8. On March 14, 2000, Mr. Kitchens called Ms. Davidson saying words to the effect that he had a change of heart, and wanted to talk to his son's mother about the adoption. Ms. Davidson arranged dates and times for Mr. Kitchens to talk to her. On April 3, 2000, Ms. Davidson wrote to Montague and furnished the dates. Mr. Montague did not inform Mr. Kitchens about the letter, nor about the dates that Ms. Davidson arranged for him to speak with his son's mother. Mr. Kitchens never got to speak with his son's mother, and assumed that they had abandoned the adoption matter.

9. Mr. Kitchens met with Mr. Montague in 2001 and learned for the first time that the adoption was final. He terminated Mr. Montague, and asked for his file. Before delivering the file to Mr. Kitchens, Mr. Montague purged the documents relating to the Wyoming adoption. Mr. Kitchens had never seen some of the pleadings that Mr. Montague received until this hearing before the First District Committee.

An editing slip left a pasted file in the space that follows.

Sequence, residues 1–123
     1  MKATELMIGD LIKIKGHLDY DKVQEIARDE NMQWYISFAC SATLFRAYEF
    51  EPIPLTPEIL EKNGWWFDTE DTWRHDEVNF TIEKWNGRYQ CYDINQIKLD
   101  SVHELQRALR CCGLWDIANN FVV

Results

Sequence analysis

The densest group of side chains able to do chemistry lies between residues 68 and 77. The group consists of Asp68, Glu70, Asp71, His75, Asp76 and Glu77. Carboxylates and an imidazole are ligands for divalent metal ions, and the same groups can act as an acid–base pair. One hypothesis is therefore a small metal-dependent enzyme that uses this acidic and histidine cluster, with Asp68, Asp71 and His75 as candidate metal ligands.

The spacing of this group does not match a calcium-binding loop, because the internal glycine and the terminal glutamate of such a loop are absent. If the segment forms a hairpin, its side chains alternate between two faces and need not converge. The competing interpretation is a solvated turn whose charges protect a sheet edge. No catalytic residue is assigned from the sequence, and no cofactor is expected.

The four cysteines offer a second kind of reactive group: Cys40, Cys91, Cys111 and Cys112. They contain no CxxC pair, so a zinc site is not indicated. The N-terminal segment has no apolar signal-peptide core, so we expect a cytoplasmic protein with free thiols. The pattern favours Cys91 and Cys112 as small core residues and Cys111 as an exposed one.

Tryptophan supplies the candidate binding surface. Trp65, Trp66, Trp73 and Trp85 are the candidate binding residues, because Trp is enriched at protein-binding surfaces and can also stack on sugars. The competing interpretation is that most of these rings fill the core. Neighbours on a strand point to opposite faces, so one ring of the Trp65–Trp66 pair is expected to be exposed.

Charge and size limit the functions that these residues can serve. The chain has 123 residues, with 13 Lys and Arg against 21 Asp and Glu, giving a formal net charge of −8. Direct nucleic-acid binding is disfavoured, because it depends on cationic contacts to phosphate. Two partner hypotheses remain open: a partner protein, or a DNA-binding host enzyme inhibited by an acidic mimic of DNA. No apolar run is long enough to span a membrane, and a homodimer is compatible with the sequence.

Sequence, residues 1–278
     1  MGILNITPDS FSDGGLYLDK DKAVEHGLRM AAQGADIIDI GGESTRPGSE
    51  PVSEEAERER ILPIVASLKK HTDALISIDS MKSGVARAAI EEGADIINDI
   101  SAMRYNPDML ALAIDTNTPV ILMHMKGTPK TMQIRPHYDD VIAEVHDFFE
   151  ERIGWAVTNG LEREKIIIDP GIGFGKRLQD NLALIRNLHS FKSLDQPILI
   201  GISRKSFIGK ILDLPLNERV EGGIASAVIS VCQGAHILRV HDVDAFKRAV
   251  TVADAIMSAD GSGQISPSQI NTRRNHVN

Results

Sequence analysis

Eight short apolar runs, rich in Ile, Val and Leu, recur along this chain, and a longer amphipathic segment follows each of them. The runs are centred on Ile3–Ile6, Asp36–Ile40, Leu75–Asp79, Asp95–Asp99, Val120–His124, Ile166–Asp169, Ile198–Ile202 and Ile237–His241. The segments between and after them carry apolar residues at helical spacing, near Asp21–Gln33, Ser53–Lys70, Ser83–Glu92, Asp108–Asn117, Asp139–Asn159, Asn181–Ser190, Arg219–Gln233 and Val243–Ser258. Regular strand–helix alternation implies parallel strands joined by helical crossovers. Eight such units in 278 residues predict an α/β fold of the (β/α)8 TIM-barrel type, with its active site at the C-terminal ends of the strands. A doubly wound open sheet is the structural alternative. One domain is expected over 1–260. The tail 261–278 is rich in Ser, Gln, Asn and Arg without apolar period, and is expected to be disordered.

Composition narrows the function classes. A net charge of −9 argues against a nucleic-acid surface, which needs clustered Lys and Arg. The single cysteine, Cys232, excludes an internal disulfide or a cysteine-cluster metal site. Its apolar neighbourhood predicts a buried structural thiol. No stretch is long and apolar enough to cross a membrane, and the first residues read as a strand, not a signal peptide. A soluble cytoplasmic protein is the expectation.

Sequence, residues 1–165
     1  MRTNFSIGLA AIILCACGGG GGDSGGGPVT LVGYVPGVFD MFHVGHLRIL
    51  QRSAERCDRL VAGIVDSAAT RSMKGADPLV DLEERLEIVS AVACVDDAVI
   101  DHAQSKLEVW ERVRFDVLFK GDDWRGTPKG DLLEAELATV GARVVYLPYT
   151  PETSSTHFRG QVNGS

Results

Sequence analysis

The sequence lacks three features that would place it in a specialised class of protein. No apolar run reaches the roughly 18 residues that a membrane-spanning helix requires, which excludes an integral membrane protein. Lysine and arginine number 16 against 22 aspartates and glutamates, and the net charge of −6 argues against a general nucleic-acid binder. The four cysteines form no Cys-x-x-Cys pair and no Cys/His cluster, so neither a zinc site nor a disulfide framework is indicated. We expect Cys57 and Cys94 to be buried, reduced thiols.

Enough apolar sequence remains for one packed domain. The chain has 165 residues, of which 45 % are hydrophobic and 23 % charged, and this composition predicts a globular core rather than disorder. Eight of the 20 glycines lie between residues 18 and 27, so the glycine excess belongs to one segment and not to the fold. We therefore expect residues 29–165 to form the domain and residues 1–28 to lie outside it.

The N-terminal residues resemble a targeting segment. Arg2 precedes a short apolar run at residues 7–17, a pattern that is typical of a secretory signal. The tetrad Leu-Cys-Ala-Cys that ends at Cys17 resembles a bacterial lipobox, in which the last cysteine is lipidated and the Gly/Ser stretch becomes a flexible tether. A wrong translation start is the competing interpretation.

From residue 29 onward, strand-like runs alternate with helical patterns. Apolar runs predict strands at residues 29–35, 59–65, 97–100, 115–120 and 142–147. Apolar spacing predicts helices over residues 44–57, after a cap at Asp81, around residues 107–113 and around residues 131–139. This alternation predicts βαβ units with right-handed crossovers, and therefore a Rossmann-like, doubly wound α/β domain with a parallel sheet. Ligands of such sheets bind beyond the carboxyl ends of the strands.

By unanimous decision, the Committee finds that the bar has proven by clear and convincing evidence that the Respondent violated the following Rules of Professional Conduct:

RULE 1.4 Communication

(c) A lawyer shall inform the client of facts pertinent to the matter and of communications from another party that may significantly affect settlement or resolution of the matter.

RULE 1.16 Declining Or Terminating Representation